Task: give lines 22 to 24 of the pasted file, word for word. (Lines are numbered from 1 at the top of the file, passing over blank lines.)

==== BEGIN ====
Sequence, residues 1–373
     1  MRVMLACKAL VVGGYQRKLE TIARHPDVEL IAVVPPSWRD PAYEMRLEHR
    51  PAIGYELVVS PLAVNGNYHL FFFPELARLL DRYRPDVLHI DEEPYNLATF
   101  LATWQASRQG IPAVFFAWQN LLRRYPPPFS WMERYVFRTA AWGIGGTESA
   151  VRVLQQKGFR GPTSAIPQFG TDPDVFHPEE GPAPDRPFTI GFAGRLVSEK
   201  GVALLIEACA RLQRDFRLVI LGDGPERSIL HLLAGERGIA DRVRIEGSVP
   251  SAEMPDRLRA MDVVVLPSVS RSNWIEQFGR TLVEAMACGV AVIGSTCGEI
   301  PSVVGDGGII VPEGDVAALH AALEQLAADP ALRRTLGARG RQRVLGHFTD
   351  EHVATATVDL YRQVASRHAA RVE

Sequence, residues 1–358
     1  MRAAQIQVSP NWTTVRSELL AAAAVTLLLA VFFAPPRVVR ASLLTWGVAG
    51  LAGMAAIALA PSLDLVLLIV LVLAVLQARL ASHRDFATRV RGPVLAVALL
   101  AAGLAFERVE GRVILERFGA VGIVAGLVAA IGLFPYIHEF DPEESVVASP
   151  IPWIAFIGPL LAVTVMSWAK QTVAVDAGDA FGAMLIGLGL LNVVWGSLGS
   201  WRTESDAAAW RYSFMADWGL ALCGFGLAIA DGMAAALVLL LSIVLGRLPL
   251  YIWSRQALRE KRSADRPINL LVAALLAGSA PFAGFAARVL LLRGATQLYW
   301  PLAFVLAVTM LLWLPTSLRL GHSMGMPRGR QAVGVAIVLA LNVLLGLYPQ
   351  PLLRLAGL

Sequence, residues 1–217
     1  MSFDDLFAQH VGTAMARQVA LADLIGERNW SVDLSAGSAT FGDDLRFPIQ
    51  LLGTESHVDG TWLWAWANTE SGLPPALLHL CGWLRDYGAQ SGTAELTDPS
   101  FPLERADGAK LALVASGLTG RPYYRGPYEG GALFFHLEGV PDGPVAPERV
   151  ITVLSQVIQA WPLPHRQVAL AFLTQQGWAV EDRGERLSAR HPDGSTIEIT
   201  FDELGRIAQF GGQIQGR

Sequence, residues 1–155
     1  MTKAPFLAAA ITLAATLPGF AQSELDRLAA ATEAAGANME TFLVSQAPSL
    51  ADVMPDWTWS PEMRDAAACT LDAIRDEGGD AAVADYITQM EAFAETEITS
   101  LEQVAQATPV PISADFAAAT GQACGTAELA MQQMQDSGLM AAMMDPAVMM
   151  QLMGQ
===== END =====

   101  FPLERADGAK LALVASGLTG RPYYRGPYEG GALFFHLEGV PDGPVAPERV
   151  ITVLSQVIQA WPLPHRQVAL AFLTQQGWAV EDRGERLSAR HPDGSTIEIT
   201  FDELGRIAQF GGQIQGR